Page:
More than most little boys, apparently, Malcolm Forbes liked playing with toy boats. What began as childhood joy over souvenirs of his father’s travels turned into a lifelong passion. Forbes, publisher of the magazine of the same name, went on to own the Highlander, a 151-foot-long yacht with 14 bathrooms, plus hundreds of toy yachts, sailboats, submarines and cruise liners.
In 1982, Mr. Forbes told The New York Times that he began collecting toys on a whim at a New York auction, raising his hand to bid $20 for a grouping of tiny soldiers. “Up went my hand, and it’s not been often or long lowered since,” he said.
His collection of toy boats, along with thousands of miniature motorcycles and soldiers and vintage board games, has been on view for the past 25 years at 60 Fifth Avenue, headquarters of the magazine. But earlier this year, the building was sold to New York University. The museum closed last week, and the collection goes on the block at Sotheby’s Dec. 17. It is estimated to bring $3 million to $5 million in total, but some antique toys are grouped in lots that start as low as $1,000. A suite of six sailboats dating to the late 19th and early 20th centuries, for example, is priced with suggested bids starting at $2,000.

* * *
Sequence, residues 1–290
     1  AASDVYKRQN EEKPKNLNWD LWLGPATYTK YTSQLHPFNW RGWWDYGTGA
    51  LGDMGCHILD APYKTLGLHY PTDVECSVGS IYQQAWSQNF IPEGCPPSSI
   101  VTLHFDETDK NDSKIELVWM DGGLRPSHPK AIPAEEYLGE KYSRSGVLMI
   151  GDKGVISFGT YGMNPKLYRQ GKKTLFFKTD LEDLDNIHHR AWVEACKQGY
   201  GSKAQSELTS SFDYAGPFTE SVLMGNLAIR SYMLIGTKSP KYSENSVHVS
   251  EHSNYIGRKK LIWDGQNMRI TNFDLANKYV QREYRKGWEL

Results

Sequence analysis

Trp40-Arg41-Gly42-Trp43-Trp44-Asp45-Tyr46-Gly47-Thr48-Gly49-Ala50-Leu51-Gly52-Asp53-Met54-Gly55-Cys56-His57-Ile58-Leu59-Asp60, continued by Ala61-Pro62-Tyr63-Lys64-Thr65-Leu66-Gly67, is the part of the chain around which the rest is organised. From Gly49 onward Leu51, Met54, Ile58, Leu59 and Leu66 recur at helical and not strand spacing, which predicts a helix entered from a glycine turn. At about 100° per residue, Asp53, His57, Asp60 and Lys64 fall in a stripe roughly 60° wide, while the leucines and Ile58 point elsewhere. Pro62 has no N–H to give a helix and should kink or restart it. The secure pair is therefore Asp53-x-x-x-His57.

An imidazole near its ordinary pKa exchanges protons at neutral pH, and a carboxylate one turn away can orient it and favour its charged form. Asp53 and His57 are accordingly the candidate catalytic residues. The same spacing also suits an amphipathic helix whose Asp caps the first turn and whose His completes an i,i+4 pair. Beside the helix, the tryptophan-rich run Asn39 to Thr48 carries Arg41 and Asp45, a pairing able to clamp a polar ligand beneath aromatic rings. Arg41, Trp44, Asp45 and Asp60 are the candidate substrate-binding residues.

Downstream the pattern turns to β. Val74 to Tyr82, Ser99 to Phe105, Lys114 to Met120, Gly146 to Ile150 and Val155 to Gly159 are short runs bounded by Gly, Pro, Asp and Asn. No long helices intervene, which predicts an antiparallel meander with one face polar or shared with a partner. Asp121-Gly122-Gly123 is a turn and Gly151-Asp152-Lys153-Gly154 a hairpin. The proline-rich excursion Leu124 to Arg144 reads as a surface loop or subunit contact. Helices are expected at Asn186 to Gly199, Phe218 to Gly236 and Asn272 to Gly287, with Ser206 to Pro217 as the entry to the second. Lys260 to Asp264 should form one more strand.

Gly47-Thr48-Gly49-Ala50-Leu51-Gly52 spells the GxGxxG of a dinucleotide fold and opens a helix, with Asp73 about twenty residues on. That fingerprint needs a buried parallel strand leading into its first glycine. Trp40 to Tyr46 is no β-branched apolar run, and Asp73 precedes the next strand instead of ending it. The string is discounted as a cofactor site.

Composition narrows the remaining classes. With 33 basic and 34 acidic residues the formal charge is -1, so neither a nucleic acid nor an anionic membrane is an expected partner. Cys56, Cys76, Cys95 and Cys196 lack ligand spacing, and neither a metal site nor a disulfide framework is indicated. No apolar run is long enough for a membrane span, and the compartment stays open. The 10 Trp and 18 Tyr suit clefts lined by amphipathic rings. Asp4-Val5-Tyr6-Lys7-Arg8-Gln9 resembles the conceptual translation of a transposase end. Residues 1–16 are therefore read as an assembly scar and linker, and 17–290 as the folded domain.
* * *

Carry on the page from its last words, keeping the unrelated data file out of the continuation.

Among the highlights of the sale is a 37-inch-long replica of the Cunard Line’s Lusitania ocean liner, sunk by a German torpedo in 1915, an attack that hastened America’s entry into World War I. Forbes paid $28,600 for it in 1983. Now it’s estimated to bring $100,000 to $200,000. (The Forbes collection also includes a model of a 1915 U-boat similar to the one that sank the Lusitania, for $4,500 to $6,500.)
Robert Forbes, in a statement, said “my brothers and I concluded it was best that others now have a chance to own [these boats], collect them, and maybe even wind them up on a pond or pool and watch them go.”
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